Resolving Indexes on Views
As with any index, SQL Server chooses to use an indexed view in its query plan only if the query optimizer determines it is beneficial to do so.
Indexed views can be created in any edition of SQL Server. In SQL Server Enterprise, the query optimizer automatically considers the indexed view. To use an indexed view in all other editions, the NOEXPAND table hint must be used.
The SQL Server query optimizer uses an indexed view when the following conditions are met:
These session options are set to ON:
The NUMERIC_ROUNDABORT session option is set to OFF.
The query optimizer finds a match between the view index columns and elements in the query, such as the following:
Search condition predicates in the WHERE clause
GROUP BY clauses
The estimated cost for using the index has the lowest cost of any access mechanisms considered by the query optimizer.
Every table referenced in the query (either directly, or by expanding a view to access its underlying tables) that corresponds to a table reference in the indexed view must have the same set of hints applied on it in the query.
The READCOMMITTED and READCOMMITTEDLOCK hints are always considered different hints in this context, regardless of the current transaction isolation level.
Other than the requirements for the SET options and table hints, these are the same rules that the query optimizer uses to determine whether a table index covers a query. Nothing else has to be specified in the query for an indexed view to be used.
A query does not have to explicitly reference an indexed view in the FROM clause for the query optimizer to use the indexed view. If the query contains references to columns in the base tables that are also present in the indexed view, and the query optimizer estimates that using the indexed view provides the lowest cost access mechanism, the query optimizer chooses the indexed view, similar to the way it chooses base table indexes when they are not directly referenced in a query. The query optimizer may choose the view when it contains columns that are not referenced by the query, as long as the view offers the lowest cost option for covering one or more of the columns specified in the query.
The query optimizer treats an indexed view referenced in the FROM clause as a standard view. The query optimizer expands the definition of the view into the query at the start of the optimization process. Then, indexed view matching is performed. The indexed view may be used in the final execution plan selected by the optimizer, or instead, the plan may materialize necessary data from the view by accessing the base tables referenced by the view. The optimizer chooses the lowest-cost alternative.
You can prevent view indexes from being used for a query by using the EXPAND VIEWS query hint, or you can use the NOEXPAND table hint to force the use of an index for an indexed view specified in the FROM clause of a query. However, you should let the query optimizer dynamically determine the best access methods to use for each query. Limit your use of EXPAND and NOEXPAND to specific cases where testing has shown that they improve performance significantly.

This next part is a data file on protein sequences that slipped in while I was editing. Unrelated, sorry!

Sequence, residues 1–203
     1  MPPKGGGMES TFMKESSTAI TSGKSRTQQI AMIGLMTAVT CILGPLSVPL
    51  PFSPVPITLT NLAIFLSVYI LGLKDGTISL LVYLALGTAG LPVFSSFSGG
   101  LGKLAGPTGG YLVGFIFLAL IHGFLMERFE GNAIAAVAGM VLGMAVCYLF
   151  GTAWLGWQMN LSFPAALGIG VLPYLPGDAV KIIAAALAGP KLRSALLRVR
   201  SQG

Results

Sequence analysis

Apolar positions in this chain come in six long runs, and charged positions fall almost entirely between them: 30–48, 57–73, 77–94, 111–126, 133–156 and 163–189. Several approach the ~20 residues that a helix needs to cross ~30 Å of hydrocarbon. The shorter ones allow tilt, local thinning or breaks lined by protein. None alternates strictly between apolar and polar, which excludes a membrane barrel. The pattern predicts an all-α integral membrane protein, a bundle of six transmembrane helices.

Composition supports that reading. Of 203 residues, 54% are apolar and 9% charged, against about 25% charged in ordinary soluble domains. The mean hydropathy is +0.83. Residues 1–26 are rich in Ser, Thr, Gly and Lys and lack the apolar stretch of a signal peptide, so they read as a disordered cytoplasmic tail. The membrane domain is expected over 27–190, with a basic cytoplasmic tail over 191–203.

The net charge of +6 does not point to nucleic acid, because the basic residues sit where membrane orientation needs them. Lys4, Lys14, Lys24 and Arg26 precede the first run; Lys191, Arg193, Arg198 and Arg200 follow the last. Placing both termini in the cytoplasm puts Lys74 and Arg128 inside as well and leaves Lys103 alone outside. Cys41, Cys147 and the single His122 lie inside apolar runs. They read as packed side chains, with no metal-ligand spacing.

The EXPAND VIEWS option specifies that the query optimizer not use any view indexes for the whole query.
When NOEXPAND is specified for a view, the query optimizer considers using any indexes defined on the view. NOEXPAND specified with the optional INDEX() clause forces the query optimizer to use the specified indexes. NOEXPAND can be specified only for an indexed view and cannot be specified for a view not indexed.
When neither NOEXPAND nor EXPAND VIEWS is specified in a query that contains a view, the view is expanded to access underlying tables. If the query that makes up the view contains any table hints, these hints are propagated to the underlying tables. (This process is explained in more detail in View Resolution.) As long as the set of hints that exists on the underlying tables of the view are identical to each other, the query is eligible to be matched with an indexed view. Most of the time, these hints will match each other, because they are being inherited directly from the view. However, if the query references tables instead of views, and the hints applied directly on these tables are not identical, then such a query is not eligible for matching with an indexed view. If the INDEX, PAGLOCK, ROWLOCK, TABLOCKX, UPDLOCK, or XLOCK hints apply to the tables referenced in the query after view expansion, the query is not eligible for indexed view matching.
If a table hint in the form of INDEX (index_val[ ,...n] ) references a view in a query and you do not also specify the NOEXPAND hint, the index hint is ignored. To specify use of a particular index, use NOEXPAND.
Generally, when the query optimizer matches an indexed view to a query, any hints specified on the tables or views in the query are applied directly to the indexed view. If the query optimizer chooses not to use an indexed view, any hints are propagated directly to the tables referenced in the view. For more information, see View Resolution. This propagation does not apply to join hints. They are applied only in their original position in the query. Join hints are not considered by the query optimizer when matching queries to indexed views. If a query plan uses an indexed view that matches part of a query that contains a join hint, the join hint is not used in the plan.
Hints are not allowed in the definitions of indexed views in SQL Server 2008. In compatibility mode 80 and higher, SQL Server ignores hints inside indexed view definitions when maintaining them, or when executing queries that use indexed views. Although using hints in indexed view definitions will not produce a syntax error in 80 compatibility mode, they are ignored.